Well before the #MeToo movement began, the USA women’s ice hockey team challenged an entrenched culture which not only allowed disparate treatment, but also fostered disrespect for women athletes and their achievements. As USA Hockey prepared for the Sochi games, the Olympic ice hockey jersey was unveiled with great fanfare – to the men’s team only, while the women found out by watching the event on television. The jersey also listed all of the years the men’s team won gold medals — but did not include the women’s gold in 1998. Therefore, an important part of the settlement reached by the women’s team was a commitment from USA Hockey to devote more time, effort and money to the marketing and development of women’s ice hockey as a sport – an obligation mandated by the Ted Stevens Act.
Ten years ago, a dedicated group of local parents and aspiring young women ice hockey players sought to establish a girls varsity ice hockey league here in Western New York. During that multi-year process, many were astonished to discover the significant resistance in many quarters to simply providing an opportunity for young women to participate in a varsity sport enjoyed by many of their male peers. Notably, at one school board meeting a member inquired with great sincerity, “Why do they want to play, anyway?” The answer can be found in the inspiring story of the 2018 USA Women’s Ice Hockey Team, the members of which are heroes and role models both on and off the ice. Their example empowers girls and young women to have the courage to stand up to discrimination. To paraphrase an old adage, they have shown other young women how to be effective by speaking as one while carrying big sticks.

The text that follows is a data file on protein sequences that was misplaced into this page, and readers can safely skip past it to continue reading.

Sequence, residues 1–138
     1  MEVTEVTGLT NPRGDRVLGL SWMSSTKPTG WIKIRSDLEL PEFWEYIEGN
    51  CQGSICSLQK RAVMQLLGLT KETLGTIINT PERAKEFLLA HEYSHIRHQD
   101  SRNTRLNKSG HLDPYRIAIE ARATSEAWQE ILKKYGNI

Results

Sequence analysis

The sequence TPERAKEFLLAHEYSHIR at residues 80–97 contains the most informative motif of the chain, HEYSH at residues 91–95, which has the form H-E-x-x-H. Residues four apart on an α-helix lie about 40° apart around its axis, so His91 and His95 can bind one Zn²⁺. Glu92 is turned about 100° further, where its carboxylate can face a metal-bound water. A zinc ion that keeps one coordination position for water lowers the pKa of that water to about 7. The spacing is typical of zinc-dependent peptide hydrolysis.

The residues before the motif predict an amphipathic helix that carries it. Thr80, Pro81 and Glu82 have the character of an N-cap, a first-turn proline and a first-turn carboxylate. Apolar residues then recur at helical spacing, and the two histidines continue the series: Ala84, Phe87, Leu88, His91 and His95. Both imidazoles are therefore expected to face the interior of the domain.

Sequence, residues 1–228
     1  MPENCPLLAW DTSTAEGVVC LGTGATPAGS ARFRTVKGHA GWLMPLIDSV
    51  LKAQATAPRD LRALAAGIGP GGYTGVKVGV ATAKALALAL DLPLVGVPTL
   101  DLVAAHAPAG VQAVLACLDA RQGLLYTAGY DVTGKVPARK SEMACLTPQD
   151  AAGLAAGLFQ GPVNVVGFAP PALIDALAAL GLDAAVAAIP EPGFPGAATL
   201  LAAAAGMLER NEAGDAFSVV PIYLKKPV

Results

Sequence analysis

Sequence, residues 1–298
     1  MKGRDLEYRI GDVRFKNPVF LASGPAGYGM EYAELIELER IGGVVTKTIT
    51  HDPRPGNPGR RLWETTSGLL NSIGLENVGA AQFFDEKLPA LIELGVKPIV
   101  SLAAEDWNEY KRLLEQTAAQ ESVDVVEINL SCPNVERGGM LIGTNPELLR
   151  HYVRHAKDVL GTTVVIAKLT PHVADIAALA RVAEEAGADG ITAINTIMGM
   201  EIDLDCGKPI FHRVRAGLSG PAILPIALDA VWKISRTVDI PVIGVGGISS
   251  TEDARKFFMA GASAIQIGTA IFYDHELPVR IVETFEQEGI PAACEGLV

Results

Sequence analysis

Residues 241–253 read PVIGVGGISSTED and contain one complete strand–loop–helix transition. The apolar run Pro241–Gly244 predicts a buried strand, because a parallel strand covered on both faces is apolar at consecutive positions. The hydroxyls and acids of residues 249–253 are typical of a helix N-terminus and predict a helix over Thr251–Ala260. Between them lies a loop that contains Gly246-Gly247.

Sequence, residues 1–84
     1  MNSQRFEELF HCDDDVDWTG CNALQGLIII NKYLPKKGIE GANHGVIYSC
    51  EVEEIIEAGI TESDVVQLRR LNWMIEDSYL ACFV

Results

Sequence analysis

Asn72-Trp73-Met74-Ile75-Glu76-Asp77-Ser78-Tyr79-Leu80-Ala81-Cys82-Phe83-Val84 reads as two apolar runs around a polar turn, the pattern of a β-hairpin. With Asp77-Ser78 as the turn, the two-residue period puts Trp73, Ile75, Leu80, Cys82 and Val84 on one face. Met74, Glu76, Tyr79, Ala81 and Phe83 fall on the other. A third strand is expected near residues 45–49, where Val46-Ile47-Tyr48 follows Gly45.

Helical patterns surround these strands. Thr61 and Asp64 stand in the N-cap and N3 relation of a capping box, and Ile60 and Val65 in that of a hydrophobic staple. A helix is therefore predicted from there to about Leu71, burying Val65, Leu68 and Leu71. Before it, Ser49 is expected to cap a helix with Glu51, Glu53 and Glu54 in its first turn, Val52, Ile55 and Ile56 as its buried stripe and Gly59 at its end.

Maybe some day soon we will see an end to those 6 am practices usually foisted off on the girls teams in addition to concerted efforts to remedy inequity wherever it is encountered. Congratulations to the USA Women on a job well done, and – thank you!!!
Helen A. “Nellie” Drew is an expert in sports law, including professional and amateur sports issues ranging from NCAA compliance and Title IX matters to facility construction, discipline of professional athletes, collective bargaining and franchise issues. Drew formerly served as an officer and in-house counsel to the Buffalo Sabres of the National Hockey League, after previously working as outside counsel to the Sabres and the NHL. Among her more interesting experiences were assisting former USSR superstar Alexander Mogilny in obtaining asylum status in the U.S. and working on multiple NHL expansions, including San Jose, Ottawa, Florida and Tampa Bay.
Drew teaches a variety of courses that incorporate topics such as drug testing in professional sports and professional player contract negotiation and arbitration. She is especially interested in the evolving research and litigation concerning concussions in both amateur and professional sports.